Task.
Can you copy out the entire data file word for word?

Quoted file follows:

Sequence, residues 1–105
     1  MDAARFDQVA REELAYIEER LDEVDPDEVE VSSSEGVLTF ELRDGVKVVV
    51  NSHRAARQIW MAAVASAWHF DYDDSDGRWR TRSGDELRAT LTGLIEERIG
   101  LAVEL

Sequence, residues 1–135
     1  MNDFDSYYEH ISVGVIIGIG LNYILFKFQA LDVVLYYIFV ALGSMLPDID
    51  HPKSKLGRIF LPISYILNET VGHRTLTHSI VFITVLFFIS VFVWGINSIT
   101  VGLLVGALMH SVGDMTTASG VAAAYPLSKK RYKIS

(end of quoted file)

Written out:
Sequence, residues 1–105
     1  MDAARFDQVA REELAYIEER LDEVDPDEVE VSSSEGVLTF ELRDGVKVVV
    51  NSHRAARQIW MAAVASAWHF DYDDSDGRWR TRSGDELRAT LTGLIEERIG
   101  LAVEL

Sequence, residues 1–135
     1  MNDFDSYYEH ISVGVIIGIG LNYILFKFQA LDVVLYYIFV ALGSMLPDID
    51  HPKSKLGRIF LPISYILNET VGHRTLTHSI VFITVLFFIS VFVWGINSIT
   101  VGLLVGALMH SVGDMTTASG VAAAYPLSKK RYKIS